This celebration would in normal times be a great concelebration, a moment in the year towards which all priests look, to share with their bishop and one another a moment of singular joy. Today though, for reasons that we all know about, it cannot be like that. But in order that the sheer exhaustion and low-level depression that most of us feel will not dull what is great and mysterious we needed to keep this specific celebration, even in this scaled down way, so that, before celebrating the Paschal liturgies, we have an opportunity to recall that moment when our Blessed Lord placed His hands upon us, and made us share in the mystery of His own life – the moment when He began to exercise his priesthood through us, to offer Himself through us, to minister to others through us. One feature of this year, which I have heard time and again in the often-moving testimony of fellow priests, has been what we might call the underlying anxiety of comparison. Against the ever-changing backdrop of public policy, we have attempted to adapt our duties and habits to meet the needs of our congregations and the wider community. And while there has been opportunity to discover new means of communication and coordination to promote the Church’s worship and service in the wider population, and adapt ourselves to the new and bewildering physical and spiritual needs of our neighbours, worry and distress have crouched low and slid into our lives. There is an intense sense of looking at others – other priests, other parishes, of marking oneself against them, assessing their responses to our common emergency, sparking jealousy, judgement, self-appraisal, and for many self-doubt. And if your parish was beginning to feel vulnerable before last year, deep-seated tiredness now, and a foreboding about impacts we cannot yet appreciate, will be leaving you deeply in need of the Lord’s reassurance and encouragement. Such was the background to the encounter between Jesus and Peter that took place on the shore of Lake Tiberias after the resurrection. The conversation is recounted by the one who witnessed it: St John the Evangelist. In the Greek text there is a very revealing play on two words: filéo, the love the lives in friendship, tender but not all-embracing; and agapáo, the love that is without reserve, condition or limit.Jesus asks Peter the first time: ‘Simon … do you love me (agapas-me)’ – do you love me totally and unconditionally? (Jn 21.15) Prior to his experience of betraying and denying Jesus, we know from all Peter’s behaviour that he would certainly have answered Jesus’s question, ‘Yes Lord; totally; to the end!’ But now, intensely aware of his own weakness and infidelity, he answers, ‘Lord, you know that I love you (filo-se): that is, ‘I love you just as much as I can’. Christ probes his heart: ‘Simon … do you agapas-me?’ – do you love with total love, more than others?’ And Peter repeats, ‘I love you just as much as I can’. The third time Jesus lowers the bar: ‘Simon … fileis-m?’ and though he’s humiliated to be so well understood, Peter understands that the love he can credibly profess is enough for Jesus. Jesus had stooped to put himself on Peter’s level, and from then on Peter follows Jesus aware of his own fragility; and for this very reason he can be the shepherd of lost lambs and sheep. But then suddenly Peter becomes interested in John, the disciple whom Jesus agapa (loved unconditionally), the Beloved Disciple. ‘Lord, what will become of him?’ Read the gospels carefully and you will recognize the theme of comparison between the two apostles on many occasions. Jesus gives Peter a stern but clear reply: ‘If I want Him to remain until I come, what does it matter to you? You follow me!’ (Jn 21.21—2). Peter must accept the Lord’s will that his ministry will be different from John’s. He will learn to love unconditionally; but to do so he must submit to the Lord’s will for him, and not compare himself to the one who throughout the Gospel he has compared himself to. In a beautiful meditation on these verses, full of contrasts between the discipleship of the two apostles, St Augustine says: ‘On the level of symbol, Peter followed Christ soonest, John waited. But on the level of lived faith, both endured the present sufferings of this miserable world, both awaited the future goods of eternal bliss.’ The point I want to make, quite simply dear brother priests, is that for each of us the promise of what Jesus gives us in the priesthood is the same, but the path that each one must take to discover oneself in the mystery of Jesus Christ is unique, the working of grace in each heart. He is always the One who gives, who draws us to Himself, and we must pay attention to the way He calls us, and the particular share in His cross that He gives us. These are things that we shall not discover or understand if we squander our ministries comparing ourselves, our parishes, our successes, or even our failures, to others. In the sacramental sign of the imposition of hands by the bishop—and for some of you those hands were mine!—it was the Lord Himself who laid His hands upon you. That sign—the outstretched hand of Christ to choose you, anoint you, and hold you—sums up the entire process not only of the fulfilment of your duties to the Church, but of God’s grace in bringing you to perfection through the totality of your priestly service. He is guiding you from a position of loving Him only as much as you can, to loving Him without reserve, condition or limit. Like the first disciples, we each heard His call, ‘Follow me!’ and I have no doubt that since then you have occasionally wondered if you heard properly. Perhaps, we have at times been frightened by the size of the task and our inadequacy (Lk 5.8); or terrified at the roaring storms of ideology and self-destruction in the world where God has seen fit to put us (Mt 14.30). As the pandemic subsides, there is no doubt that we are facing many new challenges and opportunities. The agenda for the Church, and the need for her vigorous and sacrificial witness to the Gospel, has never been greater. And yet at this very point, when much is needed from the Church, in the midst of a culture in flight from God, and therefore in flight from all that God created and re-created humanity to be, we feel exhausted and ill-prepared to meet the Lord’s summons to us. It is for that reason, we must turn to Him, aware of our inadequacy, and heed His warning, do not be distracted, ‘You, follow me!’ Learn to give everything for love beyond what you think you are capable of. Many of you will recall some words that will have been used by the bishop at so many of your ordinations: ‘Imitate the mystery you celebrate: model your life on the mystery of the Lord’s cross.’ The priest is one who is uniquely inserted into the mystery of Christ’s sacrifice through a personal identification with Him, in order to extend Christ’s mission, His word, His touch, His selfoffering. It is through this union, which happens in the sacrament of orders, that you become closer to Christ and the mystery of the Lord’s cross through your generous response to Him. This is why you answered the bishop at your ordination, ‘I am willing, with the help of God’. Many priests—probably increasing numbers of priests—have a fear of appearing to be strangers to the world, anxious that the world will not recognize itself in them. It seems to me, and I want to say this with all my heart, you should fear instead being a stranger to Christ, and the world not noticing or recognizing Him in you. At its root that means identifying yourself with Jesus. He is the root of our priesthood. Jesus warned Peter: ‘What is that to you? You follow me!’ That admonition to Peter, and to each of us, dear brothers, implies two things above all others. First, that if you do not above all things imitate—no! better to say, share—Jesus’s intimacy with the Father, you are lost. You need to go far away from the projections and demands of the world, even sometimes from the neediness of the institutional church, and find the Father in prayer and solitude, in contemplation and silence, in adoration and trust. We need to spend more time in prayer, scaling inner mountains to be with the Father. You cannot give from what you do not possess. How can you lead a community in its prayer and service, if you do not yourself remain constantly in deep and intimate contact with the Lord by taking time to be in His presence? Besides, if the well has run dry people will not come to you to drink. And second, our whole call as priests is to learn how to model our lives on the mystery of the Lord’s cross: how to move from conditional to unconditional love; to give our flesh and blood, not just our intellect and energy and zeal and compassion. He who said, ‘When I am lifted up from the earth will draw all men to myself’ shows us authentic Christian leadership. This God must live in us and we in Him. In the words of one priest martyr of our century, ‘One becomes capable of salvation only by offering one’s own flesh. The evil in the world must be borne, and the pain shared, assimilating it into one’s own flesh as Jesus did.’ Throughout the gospel Peter and John appear alongside one another. Bit by bit each one’s distinctive call emerges, and the cross within it: the one as chief shepherd, the other as eye-witness to the truth. In their haste to reach the empty tomb, the Fathers of the Church recognized anexhortation to compete in the only legitimate race between believers: the competition to seek Christ. Brothers, encourage one another in running that race!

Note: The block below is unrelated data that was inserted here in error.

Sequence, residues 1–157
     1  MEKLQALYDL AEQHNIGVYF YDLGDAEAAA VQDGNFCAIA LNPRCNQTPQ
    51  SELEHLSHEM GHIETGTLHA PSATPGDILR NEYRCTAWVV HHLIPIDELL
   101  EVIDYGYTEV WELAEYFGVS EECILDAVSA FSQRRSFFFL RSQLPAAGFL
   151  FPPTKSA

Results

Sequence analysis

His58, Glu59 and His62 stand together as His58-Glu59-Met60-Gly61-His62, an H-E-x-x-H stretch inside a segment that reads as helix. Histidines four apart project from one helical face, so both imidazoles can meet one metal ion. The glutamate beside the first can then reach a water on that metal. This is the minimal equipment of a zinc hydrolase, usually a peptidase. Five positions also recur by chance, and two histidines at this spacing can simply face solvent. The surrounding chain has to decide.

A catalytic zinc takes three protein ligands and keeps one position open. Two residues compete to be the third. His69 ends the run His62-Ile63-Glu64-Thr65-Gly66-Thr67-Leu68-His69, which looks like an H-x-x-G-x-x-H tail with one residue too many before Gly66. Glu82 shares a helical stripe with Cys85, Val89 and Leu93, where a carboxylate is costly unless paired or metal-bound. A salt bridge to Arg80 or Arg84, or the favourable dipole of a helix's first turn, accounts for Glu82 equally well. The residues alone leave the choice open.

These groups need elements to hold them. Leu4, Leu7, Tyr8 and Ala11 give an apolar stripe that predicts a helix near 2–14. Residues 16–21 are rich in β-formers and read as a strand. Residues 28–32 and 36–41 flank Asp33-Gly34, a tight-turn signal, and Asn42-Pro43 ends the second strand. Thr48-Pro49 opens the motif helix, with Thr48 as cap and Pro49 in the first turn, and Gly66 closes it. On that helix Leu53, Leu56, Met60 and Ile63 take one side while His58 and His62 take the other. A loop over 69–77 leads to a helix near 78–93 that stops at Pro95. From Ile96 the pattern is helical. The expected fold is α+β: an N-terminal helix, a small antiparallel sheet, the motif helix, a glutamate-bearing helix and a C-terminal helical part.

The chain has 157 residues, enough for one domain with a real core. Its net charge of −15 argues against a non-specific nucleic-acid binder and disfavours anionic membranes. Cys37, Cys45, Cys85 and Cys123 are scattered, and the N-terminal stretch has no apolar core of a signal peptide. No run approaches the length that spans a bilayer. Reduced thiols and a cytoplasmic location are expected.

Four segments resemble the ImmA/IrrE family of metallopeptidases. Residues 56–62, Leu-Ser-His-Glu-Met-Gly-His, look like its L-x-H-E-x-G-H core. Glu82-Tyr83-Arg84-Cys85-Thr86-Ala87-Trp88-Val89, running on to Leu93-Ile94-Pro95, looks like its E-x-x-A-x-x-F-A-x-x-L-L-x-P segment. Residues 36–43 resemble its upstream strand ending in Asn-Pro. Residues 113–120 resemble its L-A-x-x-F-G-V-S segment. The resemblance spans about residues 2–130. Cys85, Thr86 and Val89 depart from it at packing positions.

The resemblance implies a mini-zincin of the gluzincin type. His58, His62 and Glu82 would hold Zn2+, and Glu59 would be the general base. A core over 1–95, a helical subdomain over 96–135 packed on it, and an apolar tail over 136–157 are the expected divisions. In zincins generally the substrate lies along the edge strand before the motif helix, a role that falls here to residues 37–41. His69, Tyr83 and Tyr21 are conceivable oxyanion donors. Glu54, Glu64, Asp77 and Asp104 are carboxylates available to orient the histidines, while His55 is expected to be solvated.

The Rt Revd Jonathan Goodall is Bishop of Ebbsfleet. This sermon was preached at his Chrism Mass held at Pusey House.